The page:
Precise writing replaces vague terms for accurate nouns and active verbs. It creates a mental picture and provides clear examples.
Give clear examples.
Imprecise: Entrepreneurs use professional writing skills to communicate with others.
We understand that professional writing skills help us communicate, which assumes we are communicating with others. How does it specifically help entrepreneurs? Where or with whom do they need to use these skills?
More Precise: Entrepreneurs use professional writing skills to communicate effectively with clients and business partners.
Avoid vague terms.
Adjectives and adverbs should help define a noun or verb, and tell us more about it. But, adjectives and adverbs are often relative, ie they are meaningful in a specific context and lose meaning when we are not sure of that context.
Imprecise: Research is taught early in the academic world.
“Early” and “late” are relative terms that lack precision. Is it taught early in the morning? Is the first day early? Is the second week late? The academic world is also a vague term that includes more than the university and the 4-year plan of study most associate with it.
More Precise: Research is taught to first-year university students.
The following example uses the word “appearance” which has several meanings, including the way something looks, the act of making something available to the public, and the act of generating or creating something.
Imprecise: Editors are responsible for the appearance of a work of literature.
We don’t know what the word means in this sentence. Editors have input on layout and design. They choose what gets published, so they are part of the creating process and the process of deciding what the public reads. We need a more precise word.
Avoid “something,” “someone,” “anything,” etc.
“Something,” “someone,” “anything,” etc. are used to avoid being specific. They are quite useful when we don’t want to give out the details, but to write precisely we have to be specific and name exactly what we are talking about.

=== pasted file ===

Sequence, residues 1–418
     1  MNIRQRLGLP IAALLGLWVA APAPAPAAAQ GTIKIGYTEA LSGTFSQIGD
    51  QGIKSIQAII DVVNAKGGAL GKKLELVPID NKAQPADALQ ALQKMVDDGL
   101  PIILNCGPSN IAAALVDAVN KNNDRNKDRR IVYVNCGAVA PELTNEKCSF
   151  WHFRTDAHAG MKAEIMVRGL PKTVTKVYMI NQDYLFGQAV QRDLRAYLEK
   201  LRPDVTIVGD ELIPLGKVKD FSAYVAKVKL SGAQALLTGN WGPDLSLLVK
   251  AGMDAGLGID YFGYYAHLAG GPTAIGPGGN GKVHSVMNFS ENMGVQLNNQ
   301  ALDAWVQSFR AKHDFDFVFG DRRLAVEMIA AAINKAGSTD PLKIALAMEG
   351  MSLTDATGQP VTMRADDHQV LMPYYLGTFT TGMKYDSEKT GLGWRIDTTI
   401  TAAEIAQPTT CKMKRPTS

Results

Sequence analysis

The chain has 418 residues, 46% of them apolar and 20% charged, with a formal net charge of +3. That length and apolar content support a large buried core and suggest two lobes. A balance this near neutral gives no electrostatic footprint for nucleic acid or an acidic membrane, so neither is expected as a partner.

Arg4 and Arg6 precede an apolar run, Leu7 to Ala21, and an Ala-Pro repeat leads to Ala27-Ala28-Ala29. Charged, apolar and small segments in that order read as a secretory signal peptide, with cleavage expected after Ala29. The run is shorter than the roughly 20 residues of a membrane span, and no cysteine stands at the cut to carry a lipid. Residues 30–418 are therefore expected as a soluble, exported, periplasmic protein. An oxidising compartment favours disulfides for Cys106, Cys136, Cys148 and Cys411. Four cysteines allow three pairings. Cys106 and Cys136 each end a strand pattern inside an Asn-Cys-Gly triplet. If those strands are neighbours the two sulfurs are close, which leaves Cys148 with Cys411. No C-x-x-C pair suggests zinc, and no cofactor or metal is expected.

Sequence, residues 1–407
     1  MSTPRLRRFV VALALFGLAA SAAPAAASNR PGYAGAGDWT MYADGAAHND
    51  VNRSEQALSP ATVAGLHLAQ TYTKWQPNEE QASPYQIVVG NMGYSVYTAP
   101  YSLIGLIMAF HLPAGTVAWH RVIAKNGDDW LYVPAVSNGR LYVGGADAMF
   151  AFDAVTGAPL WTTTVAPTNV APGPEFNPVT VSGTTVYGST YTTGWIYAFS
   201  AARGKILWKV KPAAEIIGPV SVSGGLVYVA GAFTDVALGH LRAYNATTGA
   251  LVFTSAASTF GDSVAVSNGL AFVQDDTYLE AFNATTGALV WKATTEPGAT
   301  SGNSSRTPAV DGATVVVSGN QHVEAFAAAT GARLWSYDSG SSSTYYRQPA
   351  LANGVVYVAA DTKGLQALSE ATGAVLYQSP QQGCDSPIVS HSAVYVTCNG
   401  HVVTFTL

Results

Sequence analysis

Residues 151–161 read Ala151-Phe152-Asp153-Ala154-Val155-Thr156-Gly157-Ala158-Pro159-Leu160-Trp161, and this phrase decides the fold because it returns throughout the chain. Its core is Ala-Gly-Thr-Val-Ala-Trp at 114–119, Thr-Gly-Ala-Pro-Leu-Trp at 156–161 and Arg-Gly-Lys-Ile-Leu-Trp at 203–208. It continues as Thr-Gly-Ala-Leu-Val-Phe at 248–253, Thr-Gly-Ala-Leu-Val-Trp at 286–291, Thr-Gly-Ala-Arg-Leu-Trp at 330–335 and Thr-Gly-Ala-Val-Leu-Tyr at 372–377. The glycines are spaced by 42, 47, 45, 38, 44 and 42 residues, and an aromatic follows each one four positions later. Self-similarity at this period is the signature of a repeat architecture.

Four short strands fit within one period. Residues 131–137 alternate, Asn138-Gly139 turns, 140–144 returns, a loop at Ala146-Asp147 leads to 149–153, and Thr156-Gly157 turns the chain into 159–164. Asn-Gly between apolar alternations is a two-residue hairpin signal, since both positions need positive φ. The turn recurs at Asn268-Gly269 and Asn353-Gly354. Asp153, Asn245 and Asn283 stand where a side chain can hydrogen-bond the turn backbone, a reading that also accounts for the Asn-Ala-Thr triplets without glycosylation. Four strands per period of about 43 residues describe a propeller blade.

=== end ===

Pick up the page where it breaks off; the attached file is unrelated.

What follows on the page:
Imprecise: Editors make sure something is well written.
We can assume that “something” in this example is a text of some sort, since it has been written, but we need to know more. Precise writing is more specific.
Imprecise: Editors make sure documents are well written.
Avoid abstract terms.
Abstract terms are ideas or concepts without physical referents. “Freedom,” “success,” “love,” and “humanity” are abstract terms. We know these words well, but might find it difficult to define them satisfactorily. Because they are familiar, we use abstract terms as placeholders for a more specific idea. For example, the following sentence connects language to humanity, but doesn’t truly define the link.
Imprecise: Language is an integral aspect of humanity.
“Integral aspect” tells us that language is an important part of humanity, but it doesn’t give us any significant information. We could easily substitute another word for language and the sentence would be just as meaningful: Spirituality is the essence of humanity; Compassion is the essence of humanity; Civilization is the essence of humanity… The following sentence defines the relationship between language and humanity, describing it as a defining feature for what makes us human.
Precise: Language is what defines us as human.
When you use abstractions, you have to be sure that you are being precise and not just using them as vague lead-ins to another idea.